Pichltillhim 1654 Blaeu (Pont) West Fife
Pickletillum 1924 Campbell 1924, 157 [‘Pickletillum in Pathhead’]
Blaeu (Pont) shows Pichltillhim as a comparatively large settlement, very much where Pathhead would be expected to be (roughly north-west of Ravenscraig (Reumsheuch)), and it is just possible that when Pont drew his maps in the 1590s *Pickletillum was some kind of by-name for Pathhead. The name occurs also in the following jingle ‘Pickletillum in Pathhead, Ilka bailie burns anither,’ recorded by Campbell, who gives the following explanation: when nail-making was the staple trade of Pathhead, the bailies were generally chosen from the branch of industry, and in selling their nails to one another they gave a “pickle-till-them” [i.e. ‘a little extra’, literally ‘a little to them’], sometimes burning their hands in the operation’ (1924, 157).
The name in fact derives from a variant of Sc pichtel, cognate with English dialect pightel ‘small parcel of land’. Cowell’s (English) Law Dictionary (1708) gives it as picle alias pightell and pictellum, ‘a small parcel of land inclosed with a hedge, which the common people of England do in some places call a pingle’, quoted by Alexander, who states that Picktillum (sic) is a relatively frequent farm name in north-eastern Scotland (1952, 100–1). The form with –um (sometimes weakened later to –em) derives from a Latinised form of this word.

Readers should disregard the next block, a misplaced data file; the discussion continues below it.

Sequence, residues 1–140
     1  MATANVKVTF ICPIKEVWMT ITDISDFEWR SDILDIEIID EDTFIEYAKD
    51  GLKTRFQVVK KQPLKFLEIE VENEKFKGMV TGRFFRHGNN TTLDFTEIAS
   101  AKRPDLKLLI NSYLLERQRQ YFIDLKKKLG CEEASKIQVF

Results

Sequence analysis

The name occurs also in north-east Fife (Pickletillem LEU PNF 4), where a similar piece of place-name lore involving nailors and quantities of nails is recorded in the OS Name Books. However, since nail-making was so closely associated with Pathhead, it is much more likely that the nailor story originated here rather than in Pickletillem LEU.
/ˈpɪkəl ˈtɪləm/ or /ˌpɪkəlˈtɪləm/, by analogy with Pickletillem LEU (PNF 4).
This place-name appeared in printed volume 1